Fighting out of Nottingham, the Englishman first came to prominence in Cage Warriors, where he became welterweight champ in 2005—a year in which Hardy fought an astonishing nine times across three different promotions.
On the back of an impressive run that saw him win eight of nine fights, “The Outlaw” entered the UFC in 2008, winning on debut against Pride veteran Akihiro Gono. A first-round KO of Rory Markham and a decision against Marcus Davis saw Hardy propelled into a title eliminator with Mike Swick, from which he emerged victorious.
This set up a clash with champ Georges St. Pierre, then on a six-fight win streak. Hardy lost to St. Pierre via unanimous decision, however he drew widespread acclaim for the gutsy manner in which he fought, surviving several moments where he was almost put away. Hardy would fight only five more times, retiring in 2012 at the age of 30 due to a heart condition.
2. Leon Edwards
Now on the cusp of possibly becoming just the second British UFC champ in history, Leon Edwards is a fighter who has quietly earned his place among the UK’s best.
Fighting out of Birmingham, the Englishman entered the UFC in 2014 as a 23-year-old, losing on debut to Claudio Silva. But in his next fight, “Rocky” bounced back spectacularly with an incredible 8-second KO in his next fight.
For years, Edwards quietly and conscientiously racked up win after win while garnering little attention. And it wasn’t for his Octagon performances that Leon first drew mainstream attention, but rather for being on the receiving end of Jorge Masvidal’s infamous “three-piece and a soda” backstage at UFC London in 2019.
That incident did little to derail Edwards’ ascent to the top of the welterweight division. The 30-year-old is now unbeaten in 10 fights, having secured wins over the likes of Vicente Luque, Rafael dos Anjos and most recently, Nate Diaz. His last lost just happens to be to that man he’ll face for the title next, Kamaru Usman.
1. Michael Bisping
Perhaps no fighter has had a career with as many dramatic twists and turns than Michael Bisping—the consensus best British MMA fighter of all time.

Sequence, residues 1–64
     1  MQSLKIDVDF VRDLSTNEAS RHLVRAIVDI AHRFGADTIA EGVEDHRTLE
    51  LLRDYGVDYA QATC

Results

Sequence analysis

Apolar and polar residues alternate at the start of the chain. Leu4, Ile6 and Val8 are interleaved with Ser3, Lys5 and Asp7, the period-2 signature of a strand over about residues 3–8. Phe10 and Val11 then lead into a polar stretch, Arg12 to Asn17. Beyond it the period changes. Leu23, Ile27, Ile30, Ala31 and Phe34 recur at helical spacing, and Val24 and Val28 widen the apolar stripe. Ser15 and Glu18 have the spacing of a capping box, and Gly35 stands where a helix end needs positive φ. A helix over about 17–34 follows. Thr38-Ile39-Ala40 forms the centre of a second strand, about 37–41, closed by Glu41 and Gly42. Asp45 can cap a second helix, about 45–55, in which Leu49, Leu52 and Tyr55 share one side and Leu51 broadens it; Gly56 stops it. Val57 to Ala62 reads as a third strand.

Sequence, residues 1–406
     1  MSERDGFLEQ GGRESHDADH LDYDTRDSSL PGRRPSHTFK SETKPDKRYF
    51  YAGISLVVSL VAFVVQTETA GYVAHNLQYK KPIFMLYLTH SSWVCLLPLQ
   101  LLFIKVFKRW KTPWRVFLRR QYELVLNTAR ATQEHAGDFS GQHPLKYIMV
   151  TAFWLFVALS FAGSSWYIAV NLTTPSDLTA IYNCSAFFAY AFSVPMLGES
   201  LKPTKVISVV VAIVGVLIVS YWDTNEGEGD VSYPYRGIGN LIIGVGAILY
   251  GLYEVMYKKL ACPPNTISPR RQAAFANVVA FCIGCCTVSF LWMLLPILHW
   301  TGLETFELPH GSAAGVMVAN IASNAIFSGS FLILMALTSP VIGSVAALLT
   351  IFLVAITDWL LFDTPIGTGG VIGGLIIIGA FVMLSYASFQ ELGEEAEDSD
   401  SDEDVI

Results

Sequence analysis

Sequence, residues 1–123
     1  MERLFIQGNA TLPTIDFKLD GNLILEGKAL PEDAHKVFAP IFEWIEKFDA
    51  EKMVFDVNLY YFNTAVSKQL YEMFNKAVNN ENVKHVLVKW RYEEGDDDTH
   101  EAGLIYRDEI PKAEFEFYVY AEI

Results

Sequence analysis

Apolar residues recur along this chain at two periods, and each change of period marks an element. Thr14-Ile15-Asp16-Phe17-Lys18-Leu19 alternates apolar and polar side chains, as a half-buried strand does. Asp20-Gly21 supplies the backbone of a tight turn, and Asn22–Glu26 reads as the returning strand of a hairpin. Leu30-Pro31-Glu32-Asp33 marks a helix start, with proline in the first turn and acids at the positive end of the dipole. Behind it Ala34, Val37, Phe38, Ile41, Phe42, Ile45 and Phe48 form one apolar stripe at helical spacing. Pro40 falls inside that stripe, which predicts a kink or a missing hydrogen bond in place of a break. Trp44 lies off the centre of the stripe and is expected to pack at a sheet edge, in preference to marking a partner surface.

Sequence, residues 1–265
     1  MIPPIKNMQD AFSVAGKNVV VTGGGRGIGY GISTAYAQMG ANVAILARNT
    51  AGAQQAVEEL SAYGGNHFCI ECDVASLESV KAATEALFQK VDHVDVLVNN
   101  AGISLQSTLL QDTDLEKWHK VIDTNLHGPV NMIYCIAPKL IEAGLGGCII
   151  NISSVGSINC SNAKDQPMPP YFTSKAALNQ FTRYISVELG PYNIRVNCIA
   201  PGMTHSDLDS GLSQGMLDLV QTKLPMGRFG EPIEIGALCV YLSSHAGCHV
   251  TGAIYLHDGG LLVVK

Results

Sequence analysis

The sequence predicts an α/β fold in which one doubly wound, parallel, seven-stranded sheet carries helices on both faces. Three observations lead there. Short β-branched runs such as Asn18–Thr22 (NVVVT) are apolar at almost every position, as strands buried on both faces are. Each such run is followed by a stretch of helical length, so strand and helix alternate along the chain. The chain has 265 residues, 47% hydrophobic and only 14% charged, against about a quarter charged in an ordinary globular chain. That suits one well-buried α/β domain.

Hailing from Lancashire, “The Count” first came to prominence in Cage Warriors, where in 2005 he won the light heavyweight title. Bisping defended his crown three times before earning a spot on the third season of The Ultimate Fighter, where he became one of the show’s most memorable stars, not only for his brash, trash-talking personality, but his fighting ability too.
Defeating Josh Haynes in The Ultimate Fighter finale, Bisping entered the UFC in 2006, and during his 11-year stint in the promotion, experienced the full spectrum of debilitating lows and dizzying highs. He suffered one the most violent knockouts in UFC history against Dan Henderson at UFC 100. Continually came up short at the final hurdle, losing two title eliminators. And for the latter part of his career, effectively fought with one eye.
But Bisping surmounted these trials to achieve one of the most memorable fairy-tale endings in UFC history. In 2016, middleweight champ Luke Rockhold was expected to rematch Chris Weidman, who was forced to pull out at the last minute due to injury.
On 17 days notice, in stepped Bisping, who had lost to Rockhold via submission in 2014. Against all odds and fighting half blind, “The Count” spectacularly knocked out Rockhold in just the first round to become the first British MMA fighter to clinch UFC gold.
What do you think of our list of the best British MMA fighters of all time? Did we miss anyone?